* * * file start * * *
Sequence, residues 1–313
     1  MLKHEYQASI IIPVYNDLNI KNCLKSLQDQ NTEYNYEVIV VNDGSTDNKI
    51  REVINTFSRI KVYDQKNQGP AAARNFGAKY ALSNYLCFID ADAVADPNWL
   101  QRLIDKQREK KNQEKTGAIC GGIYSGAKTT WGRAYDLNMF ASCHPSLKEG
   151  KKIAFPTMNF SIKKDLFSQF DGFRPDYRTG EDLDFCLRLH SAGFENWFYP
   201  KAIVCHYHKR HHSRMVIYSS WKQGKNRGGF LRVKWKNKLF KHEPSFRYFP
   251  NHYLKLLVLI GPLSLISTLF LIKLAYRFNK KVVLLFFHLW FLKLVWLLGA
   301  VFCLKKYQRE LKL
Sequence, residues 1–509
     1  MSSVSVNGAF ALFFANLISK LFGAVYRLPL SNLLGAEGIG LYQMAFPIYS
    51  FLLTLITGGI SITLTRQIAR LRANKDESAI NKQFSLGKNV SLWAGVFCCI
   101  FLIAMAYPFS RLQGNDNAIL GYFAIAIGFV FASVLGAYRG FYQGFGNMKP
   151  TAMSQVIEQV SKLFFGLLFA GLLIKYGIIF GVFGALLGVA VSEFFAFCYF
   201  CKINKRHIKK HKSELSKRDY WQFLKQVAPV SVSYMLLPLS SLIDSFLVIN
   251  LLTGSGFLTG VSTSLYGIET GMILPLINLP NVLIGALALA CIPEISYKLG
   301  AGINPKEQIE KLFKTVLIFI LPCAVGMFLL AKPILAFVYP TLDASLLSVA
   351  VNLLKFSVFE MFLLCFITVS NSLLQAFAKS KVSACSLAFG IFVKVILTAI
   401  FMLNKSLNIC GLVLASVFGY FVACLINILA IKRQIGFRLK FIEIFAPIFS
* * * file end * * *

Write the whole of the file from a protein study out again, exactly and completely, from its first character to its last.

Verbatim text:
Sequence, residues 1–313
     1  MLKHEYQASI IIPVYNDLNI KNCLKSLQDQ NTEYNYEVIV VNDGSTDNKI
    51  REVINTFSRI KVYDQKNQGP AAARNFGAKY ALSNYLCFID ADAVADPNWL
   101  QRLIDKQREK KNQEKTGAIC GGIYSGAKTT WGRAYDLNMF ASCHPSLKEG
   151  KKIAFPTMNF SIKKDLFSQF DGFRPDYRTG EDLDFCLRLH SAGFENWFYP
   201  KAIVCHYHKR HHSRMVIYSS WKQGKNRGGF LRVKWKNKLF KHEPSFRYFP
   251  NHYLKLLVLI GPLSLISTLF LIKLAYRFNK KVVLLFFHLW FLKLVWLLGA
   301  VFCLKKYQRE LKL
Sequence, residues 1–509
     1  MSSVSVNGAF ALFFANLISK LFGAVYRLPL SNLLGAEGIG LYQMAFPIYS
    51  FLLTLITGGI SITLTRQIAR LRANKDESAI NKQFSLGKNV SLWAGVFCCI
   101  FLIAMAYPFS RLQGNDNAIL GYFAIAIGFV FASVLGAYRG FYQGFGNMKP
   151  TAMSQVIEQV SKLFFGLLFA GLLIKYGIIF GVFGALLGVA VSEFFAFCYF
   201  CKINKRHIKK HKSELSKRDY WQFLKQVAPV SVSYMLLPLS SLIDSFLVIN
   251  LLTGSGFLTG VSTSLYGIET GMILPLINLP NVLIGALALA CIPEISYKLG
   301  AGINPKEQIE KLFKTVLIFI LPCAVGMFLL AKPILAFVYP TLDASLLSVA
   351  VNLLKFSVFE MFLLCFITVS NSLLQAFAKS KVSACSLAFG IFVKVILTAI
   401  FMLNKSLNIC GLVLASVFGY FVACLINILA IKRQIGFRLK FIEIFAPIFS